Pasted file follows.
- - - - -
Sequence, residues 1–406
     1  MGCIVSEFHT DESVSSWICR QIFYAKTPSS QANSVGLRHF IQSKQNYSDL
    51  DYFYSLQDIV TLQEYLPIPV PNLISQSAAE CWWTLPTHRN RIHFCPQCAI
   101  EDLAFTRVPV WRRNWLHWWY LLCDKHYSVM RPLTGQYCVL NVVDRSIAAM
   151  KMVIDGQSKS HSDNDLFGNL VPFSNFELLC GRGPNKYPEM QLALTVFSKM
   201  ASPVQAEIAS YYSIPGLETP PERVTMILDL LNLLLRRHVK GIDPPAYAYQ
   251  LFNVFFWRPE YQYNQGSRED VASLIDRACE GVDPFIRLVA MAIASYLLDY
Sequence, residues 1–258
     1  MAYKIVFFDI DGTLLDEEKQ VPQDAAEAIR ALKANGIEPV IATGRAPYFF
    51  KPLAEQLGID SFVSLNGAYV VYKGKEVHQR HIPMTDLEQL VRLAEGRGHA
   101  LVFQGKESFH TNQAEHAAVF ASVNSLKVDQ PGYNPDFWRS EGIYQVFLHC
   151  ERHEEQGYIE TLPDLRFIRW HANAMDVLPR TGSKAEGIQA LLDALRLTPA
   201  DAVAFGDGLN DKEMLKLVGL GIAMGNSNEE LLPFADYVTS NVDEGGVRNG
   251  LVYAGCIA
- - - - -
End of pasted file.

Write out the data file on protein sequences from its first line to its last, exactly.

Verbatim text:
Sequence, residues 1–406
     1  MGCIVSEFHT DESVSSWICR QIFYAKTPSS QANSVGLRHF IQSKQNYSDL
    51  DYFYSLQDIV TLQEYLPIPV PNLISQSAAE CWWTLPTHRN RIHFCPQCAI
   101  EDLAFTRVPV WRRNWLHWWY LLCDKHYSVM RPLTGQYCVL NVVDRSIAAM
   151  KMVIDGQSKS HSDNDLFGNL VPFSNFELLC GRGPNKYPEM QLALTVFSKM
   201  ASPVQAEIAS YYSIPGLETP PERVTMILDL LNLLLRRHVK GIDPPAYAYQ
   251  LFNVFFWRPE YQYNQGSRED VASLIDRACE GVDPFIRLVA MAIASYLLDY
Sequence, residues 1–258
     1  MAYKIVFFDI DGTLLDEEKQ VPQDAAEAIR ALKANGIEPV IATGRAPYFF
    51  KPLAEQLGID SFVSLNGAYV VYKGKEVHQR HIPMTDLEQL VRLAEGRGHA
   101  LVFQGKESFH TNQAEHAAVF ASVNSLKVDQ PGYNPDFWRS EGIYQVFLHC
   151  ERHEEQGYIE TLPDLRFIRW HANAMDVLPR TGSKAEGIQA LLDALRLTPA
   201  DAVAFGDGLN DKEMLKLVGL GIAMGNSNEE LLPFADYVTS NVDEGGVRNG
   251  LVYAGCIA